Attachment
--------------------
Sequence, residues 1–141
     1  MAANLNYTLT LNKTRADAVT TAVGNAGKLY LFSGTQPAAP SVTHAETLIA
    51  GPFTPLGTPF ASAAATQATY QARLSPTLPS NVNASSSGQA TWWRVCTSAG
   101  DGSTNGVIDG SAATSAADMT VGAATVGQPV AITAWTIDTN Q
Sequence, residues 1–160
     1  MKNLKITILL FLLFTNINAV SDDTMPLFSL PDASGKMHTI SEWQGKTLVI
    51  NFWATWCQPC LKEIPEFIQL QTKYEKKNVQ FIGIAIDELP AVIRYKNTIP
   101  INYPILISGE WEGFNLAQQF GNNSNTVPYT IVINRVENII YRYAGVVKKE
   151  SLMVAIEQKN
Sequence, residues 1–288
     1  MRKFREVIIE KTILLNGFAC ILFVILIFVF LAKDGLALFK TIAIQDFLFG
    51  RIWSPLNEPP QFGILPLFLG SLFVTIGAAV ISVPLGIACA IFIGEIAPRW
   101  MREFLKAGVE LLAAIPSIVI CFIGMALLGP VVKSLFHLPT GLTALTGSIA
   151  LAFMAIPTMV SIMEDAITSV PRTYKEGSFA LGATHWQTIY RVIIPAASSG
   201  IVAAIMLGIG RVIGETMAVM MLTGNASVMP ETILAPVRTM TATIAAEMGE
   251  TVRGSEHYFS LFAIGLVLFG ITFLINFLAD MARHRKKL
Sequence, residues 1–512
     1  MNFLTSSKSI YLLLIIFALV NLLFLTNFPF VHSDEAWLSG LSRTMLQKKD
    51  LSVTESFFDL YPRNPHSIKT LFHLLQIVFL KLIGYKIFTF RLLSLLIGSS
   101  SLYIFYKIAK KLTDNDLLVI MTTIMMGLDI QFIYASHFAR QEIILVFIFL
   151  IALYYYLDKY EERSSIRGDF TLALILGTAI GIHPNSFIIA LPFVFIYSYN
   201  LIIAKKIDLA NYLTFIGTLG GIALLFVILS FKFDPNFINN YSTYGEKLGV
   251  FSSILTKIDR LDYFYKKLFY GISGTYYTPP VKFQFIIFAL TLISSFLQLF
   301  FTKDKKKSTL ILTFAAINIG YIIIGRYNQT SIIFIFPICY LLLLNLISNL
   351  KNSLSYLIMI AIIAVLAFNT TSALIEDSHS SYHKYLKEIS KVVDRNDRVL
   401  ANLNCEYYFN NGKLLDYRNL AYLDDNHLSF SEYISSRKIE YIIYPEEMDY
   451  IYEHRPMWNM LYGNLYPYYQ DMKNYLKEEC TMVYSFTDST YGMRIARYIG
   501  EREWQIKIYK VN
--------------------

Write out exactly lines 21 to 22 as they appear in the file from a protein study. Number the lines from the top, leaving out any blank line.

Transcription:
   151  IALYYYLDKY EERSSIRGDF TLALILGTAI GIHPNSFIIA LPFVFIYSYN
   201  LIIAKKIDLA NYLTFIGTLG GIALLFVILS FKFDPNFINN YSTYGEKLGV